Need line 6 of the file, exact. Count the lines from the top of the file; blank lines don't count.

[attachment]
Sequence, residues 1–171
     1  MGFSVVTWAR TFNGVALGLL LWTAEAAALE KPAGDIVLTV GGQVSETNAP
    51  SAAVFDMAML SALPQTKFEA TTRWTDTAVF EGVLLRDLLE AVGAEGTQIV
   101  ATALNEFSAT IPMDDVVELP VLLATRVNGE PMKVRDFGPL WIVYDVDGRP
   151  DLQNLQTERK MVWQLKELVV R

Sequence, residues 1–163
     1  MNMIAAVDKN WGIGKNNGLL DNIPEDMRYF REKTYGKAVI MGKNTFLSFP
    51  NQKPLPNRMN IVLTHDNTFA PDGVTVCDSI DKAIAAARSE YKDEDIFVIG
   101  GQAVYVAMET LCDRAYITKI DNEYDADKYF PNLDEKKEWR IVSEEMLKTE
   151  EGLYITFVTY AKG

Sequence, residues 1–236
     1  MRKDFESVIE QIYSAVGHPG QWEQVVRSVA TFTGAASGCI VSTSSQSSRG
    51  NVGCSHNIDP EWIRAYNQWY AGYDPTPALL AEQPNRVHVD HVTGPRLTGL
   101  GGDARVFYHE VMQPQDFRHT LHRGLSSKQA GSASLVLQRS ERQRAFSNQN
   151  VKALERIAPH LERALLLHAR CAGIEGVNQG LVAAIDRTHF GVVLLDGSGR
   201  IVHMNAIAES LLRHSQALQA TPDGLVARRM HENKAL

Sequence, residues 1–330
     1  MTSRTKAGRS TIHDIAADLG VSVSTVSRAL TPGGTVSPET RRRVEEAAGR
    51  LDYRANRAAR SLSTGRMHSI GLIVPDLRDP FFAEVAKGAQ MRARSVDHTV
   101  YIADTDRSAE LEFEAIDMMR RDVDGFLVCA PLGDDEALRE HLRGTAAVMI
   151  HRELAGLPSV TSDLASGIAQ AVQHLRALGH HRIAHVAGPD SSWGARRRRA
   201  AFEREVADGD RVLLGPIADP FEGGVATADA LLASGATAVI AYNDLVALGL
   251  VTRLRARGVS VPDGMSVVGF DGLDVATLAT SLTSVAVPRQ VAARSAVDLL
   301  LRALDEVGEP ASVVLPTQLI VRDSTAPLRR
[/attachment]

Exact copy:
Sequence, residues 1–163